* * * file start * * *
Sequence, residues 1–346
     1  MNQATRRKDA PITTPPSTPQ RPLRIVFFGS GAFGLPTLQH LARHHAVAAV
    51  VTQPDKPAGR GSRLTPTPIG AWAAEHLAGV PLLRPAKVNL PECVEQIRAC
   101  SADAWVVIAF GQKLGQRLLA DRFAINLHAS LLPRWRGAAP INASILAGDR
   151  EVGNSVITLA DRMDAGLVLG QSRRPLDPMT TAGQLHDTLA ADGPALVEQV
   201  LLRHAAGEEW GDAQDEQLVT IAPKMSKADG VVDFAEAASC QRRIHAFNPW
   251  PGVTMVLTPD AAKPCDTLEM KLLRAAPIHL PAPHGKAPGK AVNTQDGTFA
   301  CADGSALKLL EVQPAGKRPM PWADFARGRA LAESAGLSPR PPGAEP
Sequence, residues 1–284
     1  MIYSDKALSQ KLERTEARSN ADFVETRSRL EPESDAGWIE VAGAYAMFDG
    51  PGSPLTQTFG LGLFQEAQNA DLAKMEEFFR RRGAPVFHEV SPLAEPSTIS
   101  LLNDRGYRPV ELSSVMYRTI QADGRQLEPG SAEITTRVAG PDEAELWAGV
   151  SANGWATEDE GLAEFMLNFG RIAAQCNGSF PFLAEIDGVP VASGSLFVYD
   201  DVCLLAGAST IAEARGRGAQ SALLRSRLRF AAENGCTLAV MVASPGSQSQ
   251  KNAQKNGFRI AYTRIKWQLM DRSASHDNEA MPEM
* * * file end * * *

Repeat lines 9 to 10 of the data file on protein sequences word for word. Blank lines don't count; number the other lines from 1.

Sequence, residues 1–284
     1  MIYSDKALSQ KLERTEARSN ADFVETRSRL EPESDAGWIE VAGAYAMFDG